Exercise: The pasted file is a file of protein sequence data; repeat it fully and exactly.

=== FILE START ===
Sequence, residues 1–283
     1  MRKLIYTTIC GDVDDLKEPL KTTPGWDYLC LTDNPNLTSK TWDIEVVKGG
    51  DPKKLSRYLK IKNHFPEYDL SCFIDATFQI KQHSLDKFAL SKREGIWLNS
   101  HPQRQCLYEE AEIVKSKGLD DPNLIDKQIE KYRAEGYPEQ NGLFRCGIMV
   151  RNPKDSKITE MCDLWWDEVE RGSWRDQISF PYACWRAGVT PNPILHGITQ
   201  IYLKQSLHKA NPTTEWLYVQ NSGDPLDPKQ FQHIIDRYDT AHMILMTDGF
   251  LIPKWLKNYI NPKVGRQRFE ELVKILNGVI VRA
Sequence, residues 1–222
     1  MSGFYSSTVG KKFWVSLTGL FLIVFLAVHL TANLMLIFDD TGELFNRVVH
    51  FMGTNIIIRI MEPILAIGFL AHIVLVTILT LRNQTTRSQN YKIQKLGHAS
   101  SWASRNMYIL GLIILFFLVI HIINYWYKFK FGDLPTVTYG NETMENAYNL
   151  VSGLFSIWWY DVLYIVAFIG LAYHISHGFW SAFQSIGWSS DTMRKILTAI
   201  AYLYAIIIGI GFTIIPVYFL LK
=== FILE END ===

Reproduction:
Sequence, residues 1–283
     1  MRKLIYTTIC GDVDDLKEPL KTTPGWDYLC LTDNPNLTSK TWDIEVVKGG
    51  DPKKLSRYLK IKNHFPEYDL SCFIDATFQI KQHSLDKFAL SKREGIWLNS
   101  HPQRQCLYEE AEIVKSKGLD DPNLIDKQIE KYRAEGYPEQ NGLFRCGIMV
   151  RNPKDSKITE MCDLWWDEVE RGSWRDQISF PYACWRAGVT PNPILHGITQ
   201  IYLKQSLHKA NPTTEWLYVQ NSGDPLDPKQ FQHIIDRYDT AHMILMTDGF
   251  LIPKWLKNYI NPKVGRQRFE ELVKILNGVI VRA
Sequence, residues 1–222
     1  MSGFYSSTVG KKFWVSLTGL FLIVFLAVHL TANLMLIFDD TGELFNRVVH
    51  FMGTNIIIRI MEPILAIGFL AHIVLVTILT LRNQTTRSQN YKIQKLGHAS
   101  SWASRNMYIL GLIILFFLVI HIINYWYKFK FGDLPTVTYG NETMENAYNL
   151  VSGLFSIWWY DVLYIVAFIG LAYHISHGFW SAFQSIGWSS DTMRKILTAI
   201  AYLYAIIIGI GFTIIPVYFL LK